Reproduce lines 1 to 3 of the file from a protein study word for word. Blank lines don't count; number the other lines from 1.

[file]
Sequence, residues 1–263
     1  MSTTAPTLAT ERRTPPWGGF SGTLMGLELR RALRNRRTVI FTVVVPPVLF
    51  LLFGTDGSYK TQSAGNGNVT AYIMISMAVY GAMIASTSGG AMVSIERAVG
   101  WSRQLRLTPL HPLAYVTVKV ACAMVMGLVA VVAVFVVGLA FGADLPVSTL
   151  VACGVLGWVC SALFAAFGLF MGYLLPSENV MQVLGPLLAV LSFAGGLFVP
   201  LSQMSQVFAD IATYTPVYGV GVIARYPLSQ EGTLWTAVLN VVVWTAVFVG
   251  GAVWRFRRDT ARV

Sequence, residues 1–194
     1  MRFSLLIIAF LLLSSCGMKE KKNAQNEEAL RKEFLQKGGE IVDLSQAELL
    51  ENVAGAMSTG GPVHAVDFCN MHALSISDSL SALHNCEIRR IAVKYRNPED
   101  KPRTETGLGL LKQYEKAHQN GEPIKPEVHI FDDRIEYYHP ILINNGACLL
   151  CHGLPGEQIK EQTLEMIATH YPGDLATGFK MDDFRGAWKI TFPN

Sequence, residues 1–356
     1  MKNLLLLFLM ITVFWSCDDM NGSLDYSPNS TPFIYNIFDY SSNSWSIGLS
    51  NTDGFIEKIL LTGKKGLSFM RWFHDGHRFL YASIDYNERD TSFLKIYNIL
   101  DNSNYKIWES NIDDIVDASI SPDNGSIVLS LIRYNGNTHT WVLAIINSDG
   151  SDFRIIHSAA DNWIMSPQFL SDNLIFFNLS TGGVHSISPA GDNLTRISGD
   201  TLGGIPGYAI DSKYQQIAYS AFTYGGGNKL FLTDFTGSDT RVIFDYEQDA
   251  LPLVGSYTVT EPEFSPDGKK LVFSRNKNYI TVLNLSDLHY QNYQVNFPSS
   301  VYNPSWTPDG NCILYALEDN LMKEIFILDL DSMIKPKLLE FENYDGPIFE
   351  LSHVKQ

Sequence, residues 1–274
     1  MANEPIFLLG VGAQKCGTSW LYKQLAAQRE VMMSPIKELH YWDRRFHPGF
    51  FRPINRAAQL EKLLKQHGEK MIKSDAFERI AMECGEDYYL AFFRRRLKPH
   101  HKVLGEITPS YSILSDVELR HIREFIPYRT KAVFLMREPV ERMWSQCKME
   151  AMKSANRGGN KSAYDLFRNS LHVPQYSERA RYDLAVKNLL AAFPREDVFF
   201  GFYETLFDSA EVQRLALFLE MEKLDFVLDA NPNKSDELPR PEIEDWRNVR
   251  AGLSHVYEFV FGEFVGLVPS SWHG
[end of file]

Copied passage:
Sequence, residues 1–263
     1  MSTTAPTLAT ERRTPPWGGF SGTLMGLELR RALRNRRTVI FTVVVPPVLF
    51  LLFGTDGSYK TQSAGNGNVT AYIMISMAVY GAMIASTSGG AMVSIERAVG